Poland’s ruling Law and Justice party (PiS) is often described as a “conservative” party committed to upholding “traditional values.” Such labels miss the point: Law and Justice is first and foremost a political movement devoted to overturning Poland’s existing constitutional order and the democratic principles that underpin it.
PiS leader Jarosław Kaczyński has built his political career on the assertion that Poland’s democratic transition after 1989 led to a shadowy post-communist “system” that controls Polish institutions, serves “post-communist elites” at the expense of ordinary Poles, and is upheld by the country’s existing legal order. All of Poland’s woes, from the social to the economic, can be attributed to the activities of this so-called system.
Law and Justice claims to be the only legitimate representative of the people’s interests, on the basis that they are the only ones fighting this so-called system and the constitutional order that they argue preserves its dominance. Kaczyński has long criticised what he describes as legal “impossibilism,” the notion that it is impossible for a democratically elected Polish government to fulfil the “nation’s will” because of the checks and balances imposed on it by the Polish constitution.
The party does not, however, enjoy a constitutional majority in the Polish parliament. To break the hold of “post-communist elites” (in practice, anyone who opposes Law and Justice), PiS claims the right to disregard the provisions of the constitution so as to assert its control over the judiciary, which, it argues, has no right interfering with the people’s will. In the domestic arena, this argument is made explicitly: as Kaczyński told supporters in 2016 during a speech in which he described opposition to PiS as a “rebellion”, in a “democratic state of law,” not even the highest judicial authorities, such as the country’s Constitutional Tribunal, should have the right to defy the executive:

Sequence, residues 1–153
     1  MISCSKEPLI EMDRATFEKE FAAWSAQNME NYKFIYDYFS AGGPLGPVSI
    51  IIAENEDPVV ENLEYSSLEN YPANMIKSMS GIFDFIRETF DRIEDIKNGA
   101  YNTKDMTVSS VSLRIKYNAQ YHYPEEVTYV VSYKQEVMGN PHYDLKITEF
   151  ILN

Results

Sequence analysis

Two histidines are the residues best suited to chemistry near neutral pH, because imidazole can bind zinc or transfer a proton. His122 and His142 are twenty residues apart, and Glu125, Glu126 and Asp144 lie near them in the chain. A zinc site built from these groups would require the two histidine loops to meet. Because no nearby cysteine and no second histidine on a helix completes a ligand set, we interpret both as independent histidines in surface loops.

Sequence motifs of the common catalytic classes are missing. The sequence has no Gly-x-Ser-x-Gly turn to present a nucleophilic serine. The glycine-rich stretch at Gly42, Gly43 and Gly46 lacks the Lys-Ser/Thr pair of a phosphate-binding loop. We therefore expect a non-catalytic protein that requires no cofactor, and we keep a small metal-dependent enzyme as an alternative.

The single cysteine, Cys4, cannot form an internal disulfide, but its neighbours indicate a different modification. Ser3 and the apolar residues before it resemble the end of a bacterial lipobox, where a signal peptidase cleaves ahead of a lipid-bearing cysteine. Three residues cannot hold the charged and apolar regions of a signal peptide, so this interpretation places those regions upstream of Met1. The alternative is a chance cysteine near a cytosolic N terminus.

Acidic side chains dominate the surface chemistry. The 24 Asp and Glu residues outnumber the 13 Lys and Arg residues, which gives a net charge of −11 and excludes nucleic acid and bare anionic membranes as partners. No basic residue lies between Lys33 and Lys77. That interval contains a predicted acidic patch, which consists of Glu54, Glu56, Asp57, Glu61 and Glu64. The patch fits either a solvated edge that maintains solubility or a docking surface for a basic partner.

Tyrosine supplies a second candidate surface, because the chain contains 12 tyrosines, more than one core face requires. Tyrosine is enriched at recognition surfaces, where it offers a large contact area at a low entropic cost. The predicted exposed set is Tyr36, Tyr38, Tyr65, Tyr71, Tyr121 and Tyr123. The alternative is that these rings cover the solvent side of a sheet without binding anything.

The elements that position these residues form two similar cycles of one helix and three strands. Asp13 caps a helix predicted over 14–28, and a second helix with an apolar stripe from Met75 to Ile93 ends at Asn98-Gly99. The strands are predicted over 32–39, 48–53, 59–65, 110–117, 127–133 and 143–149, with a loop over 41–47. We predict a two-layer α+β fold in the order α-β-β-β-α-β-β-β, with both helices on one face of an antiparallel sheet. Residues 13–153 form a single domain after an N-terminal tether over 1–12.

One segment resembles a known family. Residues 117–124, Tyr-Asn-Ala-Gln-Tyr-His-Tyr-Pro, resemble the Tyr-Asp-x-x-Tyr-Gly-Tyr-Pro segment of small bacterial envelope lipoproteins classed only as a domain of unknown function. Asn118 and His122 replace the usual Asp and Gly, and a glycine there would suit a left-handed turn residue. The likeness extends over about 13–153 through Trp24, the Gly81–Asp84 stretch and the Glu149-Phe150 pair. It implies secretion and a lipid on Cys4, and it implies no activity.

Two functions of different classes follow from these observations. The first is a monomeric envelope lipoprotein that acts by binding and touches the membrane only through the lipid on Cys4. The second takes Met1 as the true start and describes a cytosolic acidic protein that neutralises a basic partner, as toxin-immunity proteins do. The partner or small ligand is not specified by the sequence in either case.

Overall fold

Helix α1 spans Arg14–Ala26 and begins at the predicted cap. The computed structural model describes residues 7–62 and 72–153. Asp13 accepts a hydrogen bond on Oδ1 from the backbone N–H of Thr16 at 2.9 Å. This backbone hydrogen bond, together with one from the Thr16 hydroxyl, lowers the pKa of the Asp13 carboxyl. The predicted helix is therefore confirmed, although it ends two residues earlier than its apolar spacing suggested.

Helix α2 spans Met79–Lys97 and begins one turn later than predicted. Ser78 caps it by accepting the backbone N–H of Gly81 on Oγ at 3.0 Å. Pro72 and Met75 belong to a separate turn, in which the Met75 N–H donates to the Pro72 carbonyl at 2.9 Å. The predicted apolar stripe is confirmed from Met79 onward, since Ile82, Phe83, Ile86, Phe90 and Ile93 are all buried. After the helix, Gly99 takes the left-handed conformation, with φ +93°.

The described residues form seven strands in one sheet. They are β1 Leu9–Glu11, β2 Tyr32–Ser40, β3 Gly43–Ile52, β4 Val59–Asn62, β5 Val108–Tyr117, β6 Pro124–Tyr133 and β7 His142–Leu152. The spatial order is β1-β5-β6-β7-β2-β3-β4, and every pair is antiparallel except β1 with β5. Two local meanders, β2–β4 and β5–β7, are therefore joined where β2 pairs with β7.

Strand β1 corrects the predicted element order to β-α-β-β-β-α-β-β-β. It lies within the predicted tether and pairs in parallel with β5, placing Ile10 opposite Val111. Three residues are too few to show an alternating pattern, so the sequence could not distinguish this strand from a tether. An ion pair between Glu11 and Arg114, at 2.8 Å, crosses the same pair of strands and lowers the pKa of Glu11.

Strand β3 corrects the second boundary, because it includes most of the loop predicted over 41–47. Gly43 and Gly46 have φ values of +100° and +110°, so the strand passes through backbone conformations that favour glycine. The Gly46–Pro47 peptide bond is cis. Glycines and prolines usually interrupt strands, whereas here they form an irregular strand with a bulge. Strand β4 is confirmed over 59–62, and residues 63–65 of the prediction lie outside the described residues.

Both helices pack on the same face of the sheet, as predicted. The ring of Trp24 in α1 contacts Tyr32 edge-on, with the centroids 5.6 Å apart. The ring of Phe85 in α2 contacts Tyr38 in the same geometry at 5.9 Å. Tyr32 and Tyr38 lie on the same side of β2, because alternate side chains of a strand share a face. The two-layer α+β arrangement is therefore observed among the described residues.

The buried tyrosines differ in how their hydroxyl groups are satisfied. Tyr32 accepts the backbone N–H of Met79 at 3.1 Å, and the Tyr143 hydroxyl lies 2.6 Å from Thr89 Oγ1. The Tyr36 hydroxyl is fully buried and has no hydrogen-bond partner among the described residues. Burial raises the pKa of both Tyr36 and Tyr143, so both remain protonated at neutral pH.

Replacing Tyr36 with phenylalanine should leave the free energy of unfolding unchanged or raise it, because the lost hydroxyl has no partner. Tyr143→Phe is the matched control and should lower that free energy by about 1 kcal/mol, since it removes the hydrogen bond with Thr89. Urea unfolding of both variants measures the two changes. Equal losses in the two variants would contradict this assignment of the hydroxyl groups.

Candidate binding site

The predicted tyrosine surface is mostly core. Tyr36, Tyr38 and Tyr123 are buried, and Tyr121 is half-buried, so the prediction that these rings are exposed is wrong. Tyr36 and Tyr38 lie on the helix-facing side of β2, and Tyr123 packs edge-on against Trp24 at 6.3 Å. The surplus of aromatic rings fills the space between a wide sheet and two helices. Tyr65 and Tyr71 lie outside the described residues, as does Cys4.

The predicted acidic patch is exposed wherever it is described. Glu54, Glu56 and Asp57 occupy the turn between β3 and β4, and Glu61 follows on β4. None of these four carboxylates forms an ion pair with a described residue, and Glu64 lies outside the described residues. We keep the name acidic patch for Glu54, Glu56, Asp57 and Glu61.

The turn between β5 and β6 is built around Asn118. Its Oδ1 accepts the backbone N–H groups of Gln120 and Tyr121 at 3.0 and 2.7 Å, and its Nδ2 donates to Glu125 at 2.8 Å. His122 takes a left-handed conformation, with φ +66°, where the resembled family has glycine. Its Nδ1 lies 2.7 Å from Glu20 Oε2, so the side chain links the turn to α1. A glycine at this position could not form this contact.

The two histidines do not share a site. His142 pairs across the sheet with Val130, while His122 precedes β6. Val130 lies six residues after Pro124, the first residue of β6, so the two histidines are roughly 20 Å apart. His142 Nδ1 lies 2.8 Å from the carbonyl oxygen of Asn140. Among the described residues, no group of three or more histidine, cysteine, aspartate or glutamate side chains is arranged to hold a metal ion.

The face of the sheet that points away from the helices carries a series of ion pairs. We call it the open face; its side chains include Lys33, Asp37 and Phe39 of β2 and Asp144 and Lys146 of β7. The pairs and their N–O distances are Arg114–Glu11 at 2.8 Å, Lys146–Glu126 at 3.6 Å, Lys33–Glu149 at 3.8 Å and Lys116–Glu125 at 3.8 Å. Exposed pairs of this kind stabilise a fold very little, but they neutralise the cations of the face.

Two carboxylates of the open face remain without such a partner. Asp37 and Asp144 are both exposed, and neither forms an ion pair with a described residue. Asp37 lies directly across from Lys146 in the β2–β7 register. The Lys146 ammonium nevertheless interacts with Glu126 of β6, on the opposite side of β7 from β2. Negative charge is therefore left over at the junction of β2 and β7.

“In a democracy, the sovereign is the people, their representative parliament and, in the Polish case, the elected president. If we are to have a democratic state of law, no state authority, including the Constitutional Tribunal, can disregard legislation.”
My analytical brief for Freedom House describes how Law and Justice put Kaczynski’s theories into practice since assuming office in 2015, using extraconstitutional means to seize control of the judicial institutions of the post-1989 Third Republic – an incremental but systematic process described by one distinguished Polish law professor as amounting to a “constitutional coup d’etat.”